PM Appeals For Private Doctors Help

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  • Unmasked PM surrounded by masked entourage at the Ministry of Health office premises
    Unmasked PM surrounded by masked entourage at the Ministry of Health office premises

Medical doctors in private practice are being called in to help with the heavy workload shouldered by their colleagues in the public service from the measles epidemic.

The Prime Minister Tuilaepa Sailele Malielegaoi made the call when Cabinet met with frontline workers on Friday at the Ministry of Health conference room.

“Government, especially the sick, needs your help,” PM Tuilaepa appealed.

“You know already the state we are in without me having to tell you, come and work together with the doctors we have in the public service.”

The Prime Minister tried to fire up the private practitioners by working on their moral sense of duty.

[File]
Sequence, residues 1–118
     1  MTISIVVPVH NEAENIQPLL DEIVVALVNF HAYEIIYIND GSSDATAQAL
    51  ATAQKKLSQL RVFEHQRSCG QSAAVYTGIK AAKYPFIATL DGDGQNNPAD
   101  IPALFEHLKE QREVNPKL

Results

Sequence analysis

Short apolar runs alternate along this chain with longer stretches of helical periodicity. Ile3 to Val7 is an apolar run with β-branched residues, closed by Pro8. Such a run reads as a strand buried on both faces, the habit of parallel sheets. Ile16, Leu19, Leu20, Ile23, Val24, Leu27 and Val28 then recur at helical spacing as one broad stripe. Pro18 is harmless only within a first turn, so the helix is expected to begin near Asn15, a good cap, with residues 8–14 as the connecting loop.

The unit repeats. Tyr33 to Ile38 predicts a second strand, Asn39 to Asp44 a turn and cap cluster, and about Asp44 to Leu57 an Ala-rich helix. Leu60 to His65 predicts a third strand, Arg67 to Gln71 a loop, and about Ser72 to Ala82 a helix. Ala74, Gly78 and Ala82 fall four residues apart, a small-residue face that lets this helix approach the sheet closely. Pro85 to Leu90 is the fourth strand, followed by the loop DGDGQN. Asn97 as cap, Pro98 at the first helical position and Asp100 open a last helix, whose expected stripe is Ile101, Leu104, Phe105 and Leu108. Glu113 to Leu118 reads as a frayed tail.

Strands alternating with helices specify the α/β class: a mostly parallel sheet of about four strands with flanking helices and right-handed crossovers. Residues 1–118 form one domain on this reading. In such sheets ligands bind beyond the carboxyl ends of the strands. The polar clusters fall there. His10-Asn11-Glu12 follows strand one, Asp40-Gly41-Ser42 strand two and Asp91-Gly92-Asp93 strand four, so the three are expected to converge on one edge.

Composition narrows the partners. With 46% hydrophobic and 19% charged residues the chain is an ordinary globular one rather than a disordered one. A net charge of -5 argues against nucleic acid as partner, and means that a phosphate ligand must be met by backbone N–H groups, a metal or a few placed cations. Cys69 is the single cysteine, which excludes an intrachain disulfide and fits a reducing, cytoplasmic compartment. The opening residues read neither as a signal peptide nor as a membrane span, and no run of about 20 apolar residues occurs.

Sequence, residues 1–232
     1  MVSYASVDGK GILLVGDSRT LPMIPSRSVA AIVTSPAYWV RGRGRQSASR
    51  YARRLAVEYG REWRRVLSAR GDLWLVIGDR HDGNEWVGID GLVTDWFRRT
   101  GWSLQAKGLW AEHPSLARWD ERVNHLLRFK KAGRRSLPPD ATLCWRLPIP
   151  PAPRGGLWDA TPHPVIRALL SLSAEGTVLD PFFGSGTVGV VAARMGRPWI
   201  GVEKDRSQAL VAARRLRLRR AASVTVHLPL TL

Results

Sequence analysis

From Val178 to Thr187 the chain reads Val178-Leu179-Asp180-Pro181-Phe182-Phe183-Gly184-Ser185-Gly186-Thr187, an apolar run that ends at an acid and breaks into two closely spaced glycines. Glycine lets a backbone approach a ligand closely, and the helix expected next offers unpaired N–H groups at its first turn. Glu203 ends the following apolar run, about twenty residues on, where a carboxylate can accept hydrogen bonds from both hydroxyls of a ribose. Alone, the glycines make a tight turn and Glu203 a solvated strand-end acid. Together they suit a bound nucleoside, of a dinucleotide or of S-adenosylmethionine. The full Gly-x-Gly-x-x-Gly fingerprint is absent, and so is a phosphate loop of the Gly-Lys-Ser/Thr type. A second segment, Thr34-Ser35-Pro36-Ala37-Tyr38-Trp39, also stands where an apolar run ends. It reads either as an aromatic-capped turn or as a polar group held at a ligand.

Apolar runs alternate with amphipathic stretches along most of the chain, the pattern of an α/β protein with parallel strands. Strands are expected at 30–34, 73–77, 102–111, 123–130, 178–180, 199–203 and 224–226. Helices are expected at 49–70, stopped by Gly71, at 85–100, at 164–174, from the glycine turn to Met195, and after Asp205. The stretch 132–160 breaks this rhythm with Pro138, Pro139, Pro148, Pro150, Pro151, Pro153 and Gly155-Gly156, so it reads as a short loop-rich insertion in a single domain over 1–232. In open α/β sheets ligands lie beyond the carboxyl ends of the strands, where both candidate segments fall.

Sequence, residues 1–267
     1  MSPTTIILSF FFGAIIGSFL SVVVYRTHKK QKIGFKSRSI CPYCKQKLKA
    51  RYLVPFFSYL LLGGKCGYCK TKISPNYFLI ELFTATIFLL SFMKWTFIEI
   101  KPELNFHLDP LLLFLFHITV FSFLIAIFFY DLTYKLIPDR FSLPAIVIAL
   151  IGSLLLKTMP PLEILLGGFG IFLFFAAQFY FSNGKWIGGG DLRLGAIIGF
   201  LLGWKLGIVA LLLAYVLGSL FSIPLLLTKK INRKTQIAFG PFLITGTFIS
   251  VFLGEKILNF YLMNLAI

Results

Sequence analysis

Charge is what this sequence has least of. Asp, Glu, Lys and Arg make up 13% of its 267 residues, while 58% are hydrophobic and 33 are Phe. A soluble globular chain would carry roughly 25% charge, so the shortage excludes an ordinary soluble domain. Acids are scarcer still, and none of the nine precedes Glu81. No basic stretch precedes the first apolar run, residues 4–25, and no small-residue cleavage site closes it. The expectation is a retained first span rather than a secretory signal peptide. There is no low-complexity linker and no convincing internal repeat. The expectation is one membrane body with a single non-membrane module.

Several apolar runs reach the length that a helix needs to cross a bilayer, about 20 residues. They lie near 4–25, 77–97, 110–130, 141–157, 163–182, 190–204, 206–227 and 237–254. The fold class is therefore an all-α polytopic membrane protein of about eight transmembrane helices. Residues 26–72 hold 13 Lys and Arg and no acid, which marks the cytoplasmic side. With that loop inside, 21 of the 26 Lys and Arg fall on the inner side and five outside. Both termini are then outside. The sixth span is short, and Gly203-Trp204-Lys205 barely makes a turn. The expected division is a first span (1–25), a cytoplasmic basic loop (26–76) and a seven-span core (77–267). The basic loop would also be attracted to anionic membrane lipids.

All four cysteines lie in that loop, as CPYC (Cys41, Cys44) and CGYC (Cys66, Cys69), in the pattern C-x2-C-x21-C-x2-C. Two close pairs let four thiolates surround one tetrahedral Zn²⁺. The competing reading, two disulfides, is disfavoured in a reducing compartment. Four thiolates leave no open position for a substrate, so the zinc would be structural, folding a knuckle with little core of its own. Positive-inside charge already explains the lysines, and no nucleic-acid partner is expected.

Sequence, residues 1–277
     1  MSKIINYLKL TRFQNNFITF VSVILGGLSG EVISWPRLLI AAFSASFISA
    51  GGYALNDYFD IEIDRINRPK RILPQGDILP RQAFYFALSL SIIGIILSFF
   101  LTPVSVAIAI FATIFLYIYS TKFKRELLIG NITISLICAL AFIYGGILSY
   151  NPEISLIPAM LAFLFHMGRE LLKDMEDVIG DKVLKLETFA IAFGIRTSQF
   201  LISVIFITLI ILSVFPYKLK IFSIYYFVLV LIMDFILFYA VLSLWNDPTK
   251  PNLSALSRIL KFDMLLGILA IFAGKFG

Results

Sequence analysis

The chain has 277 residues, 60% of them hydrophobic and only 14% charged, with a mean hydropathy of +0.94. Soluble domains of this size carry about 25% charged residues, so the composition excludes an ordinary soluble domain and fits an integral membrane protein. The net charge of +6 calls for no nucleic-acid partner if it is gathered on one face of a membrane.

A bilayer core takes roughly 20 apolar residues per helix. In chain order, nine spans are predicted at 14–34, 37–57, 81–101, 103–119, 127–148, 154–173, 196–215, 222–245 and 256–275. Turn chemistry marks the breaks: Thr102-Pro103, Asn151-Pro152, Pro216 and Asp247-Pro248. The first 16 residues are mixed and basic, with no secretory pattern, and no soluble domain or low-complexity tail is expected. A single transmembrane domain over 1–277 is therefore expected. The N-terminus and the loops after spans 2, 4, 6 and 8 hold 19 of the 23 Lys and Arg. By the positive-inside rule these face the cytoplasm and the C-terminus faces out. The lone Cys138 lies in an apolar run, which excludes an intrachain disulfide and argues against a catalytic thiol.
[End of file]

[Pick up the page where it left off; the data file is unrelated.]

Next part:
He went as far as to remind them of their God given skills and must take responsibility with the blessings they have, to help the people who are in need.

The doctors were also made to remember that many of them were able to study medicine under Government scholarships support.

Tuilaepa and members of his Cabinet met with the frontline health workers to offer them encouragement and support for the hard work they are putting into the fight to control the measles epidemic.

It is close to 8 weeks since the measles epidemic was declared.

“Cabinet is being kept fully informed of the progress of the epidemic and the effort that is going into trying to bring it under control,” Tuilaepa addressed the workers.

He is aware that the infectious disease has spread to the rest of the country and that the blame is of close to 50 per cent of the population are not vaccinated against the virus.

He said the responsibility was with the parents and it is true in other countries as well.

Tuilaepa offered condolences to the families who have lost loved ones to the epidemic that has reminded him of the influenza outbreak in 1918.

The Government acknowledgement of the dedicated service by the front line workers also included the support by medical teams and medications from Australia and New Zealand in Samoa.

“We wanted to assure you all that we are all in this fight together.”

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